Tags: CFTC | House | Dodd-Frank | regulations

More Whining at House Ag Subcommittee Over CFTC Regulations

By    |   Friday, 26 July 2013 12:24 PM

The House Agriculture Committee's Subcommittee on General Farm Commodities and Risk Management, chaired by Michael Conaway, R-Texas, held the latest in a series of what appear to be investigative hearings into why the Commodity Futures Trading Commission (CFTC), chaired by Gary Gensler, persists in trying to impose derivatives regulation on trades involving U.S. persons, whether the trades are executed in the United States or abroad.

Evidently the situation has become so serious that the Committee has launched an inquiry into how the CFTC might need to be redesigned to take account of the expanded powers conferred on it three years ago by the Dodd-Frank Act.

This study will be conducted in connection with the reauthorization of the budget for the CFTC, whose five-year authority expires on Sept. 30. Gensler will have a chance to defend himself next Tuesday before the Senate Banking Committee, but in the meantime, the subcommittee called two of Gensler's fellow commissioners, one from each party, both former Senate staffers opposed to Chairman Gensler's position, to vent again complaints about the way the Commission is run.

Frank Lucas, R-Okla., chairman of the full Agriculture Committee, who looks and sounds almost exactly like Bill Clinton, stated that the reauthorization of the CFTC will be conducted concurrently with the enactment of a farm bill. (Press reports have documented the difficulty the House leadership is having in trying to pass the farm bill, losing in its first attempt because of divisions within its own camp over whether to include a food stamp extension and the generosity of farm subsidies at a time when market prices are high and farmland is booming.

Congress has only about 14 working days before Sept. 30 to get this and other controversial legislation done in an extremely contentious atmosphere between the parties and between the House and Senate.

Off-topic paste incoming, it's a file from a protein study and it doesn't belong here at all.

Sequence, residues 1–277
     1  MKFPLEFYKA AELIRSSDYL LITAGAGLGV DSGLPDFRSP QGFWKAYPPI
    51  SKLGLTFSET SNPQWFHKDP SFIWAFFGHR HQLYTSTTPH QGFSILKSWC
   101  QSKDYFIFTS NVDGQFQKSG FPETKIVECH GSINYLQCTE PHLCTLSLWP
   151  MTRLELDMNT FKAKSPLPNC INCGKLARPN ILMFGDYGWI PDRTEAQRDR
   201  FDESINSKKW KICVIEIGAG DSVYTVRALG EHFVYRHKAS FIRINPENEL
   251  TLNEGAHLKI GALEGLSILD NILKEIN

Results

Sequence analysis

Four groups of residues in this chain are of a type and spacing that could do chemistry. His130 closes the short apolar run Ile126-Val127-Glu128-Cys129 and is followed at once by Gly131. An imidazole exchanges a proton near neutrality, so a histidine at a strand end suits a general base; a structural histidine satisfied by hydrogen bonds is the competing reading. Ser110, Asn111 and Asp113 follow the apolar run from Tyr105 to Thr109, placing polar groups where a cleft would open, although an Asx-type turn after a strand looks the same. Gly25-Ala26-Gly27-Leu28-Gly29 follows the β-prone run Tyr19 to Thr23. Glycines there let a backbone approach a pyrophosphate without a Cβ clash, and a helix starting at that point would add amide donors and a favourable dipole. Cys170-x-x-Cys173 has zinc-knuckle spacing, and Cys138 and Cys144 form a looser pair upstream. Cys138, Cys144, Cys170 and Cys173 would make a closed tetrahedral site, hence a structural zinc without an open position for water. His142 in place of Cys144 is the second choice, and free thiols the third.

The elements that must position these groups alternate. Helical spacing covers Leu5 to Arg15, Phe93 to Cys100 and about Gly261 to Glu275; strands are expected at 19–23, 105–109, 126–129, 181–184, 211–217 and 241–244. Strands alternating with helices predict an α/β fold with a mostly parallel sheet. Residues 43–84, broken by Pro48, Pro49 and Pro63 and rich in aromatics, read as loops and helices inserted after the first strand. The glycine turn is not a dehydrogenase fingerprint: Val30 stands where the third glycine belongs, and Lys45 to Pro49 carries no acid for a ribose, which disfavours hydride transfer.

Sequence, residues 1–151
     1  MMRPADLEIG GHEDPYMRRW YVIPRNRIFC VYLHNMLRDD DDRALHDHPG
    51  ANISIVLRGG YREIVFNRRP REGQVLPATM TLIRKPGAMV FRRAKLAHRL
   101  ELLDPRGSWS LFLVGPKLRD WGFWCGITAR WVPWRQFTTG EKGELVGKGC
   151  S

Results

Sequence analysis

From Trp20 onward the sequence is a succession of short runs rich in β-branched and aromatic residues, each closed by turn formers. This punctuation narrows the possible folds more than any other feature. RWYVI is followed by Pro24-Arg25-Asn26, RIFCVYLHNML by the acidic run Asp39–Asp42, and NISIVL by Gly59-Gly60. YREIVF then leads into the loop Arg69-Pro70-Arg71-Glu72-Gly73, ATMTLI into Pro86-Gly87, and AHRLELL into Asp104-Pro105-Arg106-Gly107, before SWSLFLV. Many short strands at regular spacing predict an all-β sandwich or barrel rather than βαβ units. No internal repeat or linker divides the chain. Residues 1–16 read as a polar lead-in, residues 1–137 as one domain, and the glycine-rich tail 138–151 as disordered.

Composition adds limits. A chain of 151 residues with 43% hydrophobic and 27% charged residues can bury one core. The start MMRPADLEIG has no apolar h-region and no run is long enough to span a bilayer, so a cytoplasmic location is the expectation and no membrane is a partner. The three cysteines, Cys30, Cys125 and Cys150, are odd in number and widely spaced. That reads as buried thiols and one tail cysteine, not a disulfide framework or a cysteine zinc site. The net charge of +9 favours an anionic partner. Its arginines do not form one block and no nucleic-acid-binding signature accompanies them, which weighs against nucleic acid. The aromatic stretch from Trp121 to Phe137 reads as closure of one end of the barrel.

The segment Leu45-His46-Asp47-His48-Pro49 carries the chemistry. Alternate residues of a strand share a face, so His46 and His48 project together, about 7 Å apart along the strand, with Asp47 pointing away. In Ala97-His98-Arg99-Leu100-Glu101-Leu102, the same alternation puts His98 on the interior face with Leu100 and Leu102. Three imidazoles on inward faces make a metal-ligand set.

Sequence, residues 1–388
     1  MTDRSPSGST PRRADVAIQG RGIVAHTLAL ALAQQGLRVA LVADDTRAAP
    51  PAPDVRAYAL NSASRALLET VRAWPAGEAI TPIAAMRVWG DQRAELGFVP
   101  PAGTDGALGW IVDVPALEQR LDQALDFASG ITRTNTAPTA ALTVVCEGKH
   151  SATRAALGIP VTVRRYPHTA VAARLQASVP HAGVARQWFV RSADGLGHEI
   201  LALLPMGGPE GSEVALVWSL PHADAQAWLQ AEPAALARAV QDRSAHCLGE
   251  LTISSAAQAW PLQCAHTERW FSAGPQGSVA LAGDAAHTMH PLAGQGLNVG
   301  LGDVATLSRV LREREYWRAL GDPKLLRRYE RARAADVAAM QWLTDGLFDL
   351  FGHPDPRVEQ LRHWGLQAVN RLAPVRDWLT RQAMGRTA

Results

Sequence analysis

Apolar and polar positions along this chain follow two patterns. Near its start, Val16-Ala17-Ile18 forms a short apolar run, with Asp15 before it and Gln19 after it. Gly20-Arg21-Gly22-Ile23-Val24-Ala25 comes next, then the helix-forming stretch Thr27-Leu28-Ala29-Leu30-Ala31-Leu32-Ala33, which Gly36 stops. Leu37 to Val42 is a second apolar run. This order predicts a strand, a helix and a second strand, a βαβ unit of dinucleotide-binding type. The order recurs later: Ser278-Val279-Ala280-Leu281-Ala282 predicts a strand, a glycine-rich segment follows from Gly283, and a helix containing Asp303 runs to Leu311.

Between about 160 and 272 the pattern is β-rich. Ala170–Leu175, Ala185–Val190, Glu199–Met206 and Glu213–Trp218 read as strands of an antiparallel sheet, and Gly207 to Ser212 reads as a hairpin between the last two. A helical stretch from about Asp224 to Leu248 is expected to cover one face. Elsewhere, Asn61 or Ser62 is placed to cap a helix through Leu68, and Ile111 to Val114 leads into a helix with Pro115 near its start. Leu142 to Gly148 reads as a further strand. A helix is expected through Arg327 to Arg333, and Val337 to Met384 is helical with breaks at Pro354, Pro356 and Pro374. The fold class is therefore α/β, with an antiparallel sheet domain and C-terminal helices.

In his opening statement, Chairman Conaway charged that the CFTC has been too aggressive in expanding the scope of its regulation and also that it is taking too long to issue the regulations.

At the same time, the industry that opposes the regulations has also complained that delays in implementation contribute to costly uncertainty as to what the rules will be. Conaway expanded his critique to include regulations issued last November to improve protection of customer funds that the industry contends are costly and impractical.

The industry perspective is the subject of a subsequent hearing to be covered in a separate article.

The ranking Democrat of the subcommittee, David Scott of Georgia, has been a frequent critic of the agency, especially when its regulations touched the activities of the burgeoning derivatives trading platform known as the Intercontinental Exchange, which is headquartered in Atlanta.

On this occasion, however, Scott praised the Commission for doing yeoman work to implement Dodd-Frank, and he expressed support for sufficient funding to support the personnel and technology needed to perform the expanded duties of the agency.

In his statement, Republican Commissioner Scott O'Malia referred to the principles of both the Pittsburgh communique of Sept. 25, 2009, and the Dodd-Frank Act of 2010. He stressed "challenges" presented by the CFTC's policy approach to the implementation of Dodd-Frank and its negative impact upon commercial end-users."